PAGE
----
In the opening chapter of Enduring Love, the narrative is very important as it helps the reader see the narrator’s opinion of what happened that day leading up to the accident of John Logan’s death.
In this chapter, there is mainly a use of interior monologue to describe the events as the narrator is using first person to describe what was happening and is verbalising their thoughts as they occurred. This type of narrative is a good way to make the reader feel only what the narrator feels, this is because it is in first person narrative therefore the story is very opinionated and one sided.
The constant switch from the narrator’s perspective to a buzzard’s perspective has been done to make the reader believe that the narrator is reliable. This is because the narrator is using more than one point of view; however, the narrator still wrote the buzzard’s outlook therefore, it is still all from one point of view. The narrator describes the buzzard as if he knows for a fact what it saw, ‘I see us from two hundred feet up, through the eyes of the buzzard…’ which can show us that the narrator believes their version of events are correct and factual rather than opinionated. This style of narrative is therefore significant as we see the narrator’s (Joe Rose’s) version of events and what he feels another view saw the events as, backing up his perspective. This could have been done to make the narrator seem less involved with the accident that happened that day by linking in a different point of view.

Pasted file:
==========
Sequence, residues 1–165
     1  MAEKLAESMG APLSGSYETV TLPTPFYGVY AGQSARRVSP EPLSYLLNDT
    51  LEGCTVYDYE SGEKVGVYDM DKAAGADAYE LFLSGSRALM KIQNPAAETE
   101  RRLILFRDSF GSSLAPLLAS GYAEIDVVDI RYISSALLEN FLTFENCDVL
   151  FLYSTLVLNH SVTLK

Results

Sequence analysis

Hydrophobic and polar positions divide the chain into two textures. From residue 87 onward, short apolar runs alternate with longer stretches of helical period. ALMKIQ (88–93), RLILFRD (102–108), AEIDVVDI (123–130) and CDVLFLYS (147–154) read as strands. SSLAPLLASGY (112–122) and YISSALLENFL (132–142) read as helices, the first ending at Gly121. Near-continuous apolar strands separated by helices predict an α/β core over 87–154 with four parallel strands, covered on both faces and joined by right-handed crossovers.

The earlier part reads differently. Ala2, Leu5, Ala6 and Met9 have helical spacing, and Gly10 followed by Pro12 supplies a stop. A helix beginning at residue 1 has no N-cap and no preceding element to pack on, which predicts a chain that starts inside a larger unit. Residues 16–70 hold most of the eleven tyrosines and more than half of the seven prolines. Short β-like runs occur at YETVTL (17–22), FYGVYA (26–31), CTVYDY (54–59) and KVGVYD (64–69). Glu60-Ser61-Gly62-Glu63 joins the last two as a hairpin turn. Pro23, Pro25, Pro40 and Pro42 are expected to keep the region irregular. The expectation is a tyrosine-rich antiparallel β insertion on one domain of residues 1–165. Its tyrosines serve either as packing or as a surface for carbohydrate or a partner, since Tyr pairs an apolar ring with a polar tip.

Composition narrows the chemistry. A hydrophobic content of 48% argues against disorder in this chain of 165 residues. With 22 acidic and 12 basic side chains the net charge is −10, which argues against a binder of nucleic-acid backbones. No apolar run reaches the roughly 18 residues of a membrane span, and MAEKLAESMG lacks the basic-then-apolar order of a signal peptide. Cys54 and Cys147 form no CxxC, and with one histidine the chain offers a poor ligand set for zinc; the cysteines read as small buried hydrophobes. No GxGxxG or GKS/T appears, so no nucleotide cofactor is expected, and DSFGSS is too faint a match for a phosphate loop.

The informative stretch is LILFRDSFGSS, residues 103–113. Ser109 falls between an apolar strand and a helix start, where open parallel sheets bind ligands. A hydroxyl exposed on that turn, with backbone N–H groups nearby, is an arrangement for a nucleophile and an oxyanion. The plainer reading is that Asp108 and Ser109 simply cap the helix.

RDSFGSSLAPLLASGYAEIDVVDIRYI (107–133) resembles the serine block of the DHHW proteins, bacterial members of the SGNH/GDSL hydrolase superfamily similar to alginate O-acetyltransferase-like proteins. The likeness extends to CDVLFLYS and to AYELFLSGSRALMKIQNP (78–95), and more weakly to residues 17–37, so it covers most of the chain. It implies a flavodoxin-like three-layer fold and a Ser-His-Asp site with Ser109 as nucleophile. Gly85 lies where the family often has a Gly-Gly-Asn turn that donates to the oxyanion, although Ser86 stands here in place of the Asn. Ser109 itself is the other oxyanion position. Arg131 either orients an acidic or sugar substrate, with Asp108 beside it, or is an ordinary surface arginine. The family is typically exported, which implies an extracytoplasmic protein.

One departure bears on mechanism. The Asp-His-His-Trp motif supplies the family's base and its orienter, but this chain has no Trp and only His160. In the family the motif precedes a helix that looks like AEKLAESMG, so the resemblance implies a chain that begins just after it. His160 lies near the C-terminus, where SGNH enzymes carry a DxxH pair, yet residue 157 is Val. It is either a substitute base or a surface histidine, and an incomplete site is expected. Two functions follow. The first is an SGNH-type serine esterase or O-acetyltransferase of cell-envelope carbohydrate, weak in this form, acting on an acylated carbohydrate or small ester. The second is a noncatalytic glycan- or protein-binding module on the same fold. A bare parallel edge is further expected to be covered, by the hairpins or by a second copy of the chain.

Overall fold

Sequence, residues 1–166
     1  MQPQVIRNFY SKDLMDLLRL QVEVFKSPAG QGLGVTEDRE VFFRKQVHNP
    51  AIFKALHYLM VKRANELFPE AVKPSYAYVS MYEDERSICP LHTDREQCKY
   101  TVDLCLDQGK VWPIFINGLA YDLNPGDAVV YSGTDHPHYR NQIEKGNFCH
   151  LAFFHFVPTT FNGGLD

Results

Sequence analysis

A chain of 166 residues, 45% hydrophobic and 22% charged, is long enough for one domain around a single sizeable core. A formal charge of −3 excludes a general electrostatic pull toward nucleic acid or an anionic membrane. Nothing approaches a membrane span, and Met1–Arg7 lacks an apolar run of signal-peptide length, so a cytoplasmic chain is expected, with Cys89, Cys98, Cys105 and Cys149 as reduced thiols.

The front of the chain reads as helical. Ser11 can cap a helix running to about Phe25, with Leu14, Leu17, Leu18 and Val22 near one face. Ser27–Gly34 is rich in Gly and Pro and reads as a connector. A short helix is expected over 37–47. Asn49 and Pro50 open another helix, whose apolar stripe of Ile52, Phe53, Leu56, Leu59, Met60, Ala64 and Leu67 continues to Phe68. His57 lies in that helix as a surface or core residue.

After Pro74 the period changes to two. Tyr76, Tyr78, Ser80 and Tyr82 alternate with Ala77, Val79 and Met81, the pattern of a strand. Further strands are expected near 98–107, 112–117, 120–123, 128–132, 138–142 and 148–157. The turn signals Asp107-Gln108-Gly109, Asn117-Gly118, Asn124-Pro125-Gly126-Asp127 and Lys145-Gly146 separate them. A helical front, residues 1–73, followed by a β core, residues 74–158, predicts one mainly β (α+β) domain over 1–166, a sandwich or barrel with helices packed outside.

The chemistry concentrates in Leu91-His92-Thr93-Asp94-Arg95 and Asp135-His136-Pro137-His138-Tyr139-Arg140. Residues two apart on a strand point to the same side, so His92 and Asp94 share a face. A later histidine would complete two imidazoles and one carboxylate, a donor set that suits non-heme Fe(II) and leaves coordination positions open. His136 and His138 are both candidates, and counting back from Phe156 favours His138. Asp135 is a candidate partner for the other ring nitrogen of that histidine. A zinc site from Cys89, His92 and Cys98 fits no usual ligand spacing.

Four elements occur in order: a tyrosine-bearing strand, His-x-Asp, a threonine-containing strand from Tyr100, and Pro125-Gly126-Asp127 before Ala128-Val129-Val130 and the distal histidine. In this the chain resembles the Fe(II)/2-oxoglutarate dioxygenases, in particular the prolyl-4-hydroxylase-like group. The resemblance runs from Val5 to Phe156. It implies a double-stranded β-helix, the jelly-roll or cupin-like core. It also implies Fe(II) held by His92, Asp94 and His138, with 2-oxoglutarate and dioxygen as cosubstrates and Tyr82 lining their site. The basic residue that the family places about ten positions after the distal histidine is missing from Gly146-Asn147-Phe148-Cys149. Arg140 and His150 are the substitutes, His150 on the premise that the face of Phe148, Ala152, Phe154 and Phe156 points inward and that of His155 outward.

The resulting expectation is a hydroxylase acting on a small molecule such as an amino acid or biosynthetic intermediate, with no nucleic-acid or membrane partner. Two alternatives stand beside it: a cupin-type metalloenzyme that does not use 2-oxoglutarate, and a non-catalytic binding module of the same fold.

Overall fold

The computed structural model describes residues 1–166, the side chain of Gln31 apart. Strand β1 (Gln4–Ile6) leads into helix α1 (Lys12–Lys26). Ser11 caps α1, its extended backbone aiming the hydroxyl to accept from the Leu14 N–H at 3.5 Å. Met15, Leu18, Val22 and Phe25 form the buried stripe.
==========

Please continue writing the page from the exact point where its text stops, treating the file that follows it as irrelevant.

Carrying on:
At one point, Jed Parry is brought into the story. The change to the buzzard’s view again makes the reader side with the narrator as they seem more trustworthy by using more than one perspective. Moving to the buzzard’s point of view makes the actions seem truer as an animal overseeing the whole story would be more observant. This is shown when the buzzard sees Joe Rose (the narrator) and Jed Parry,...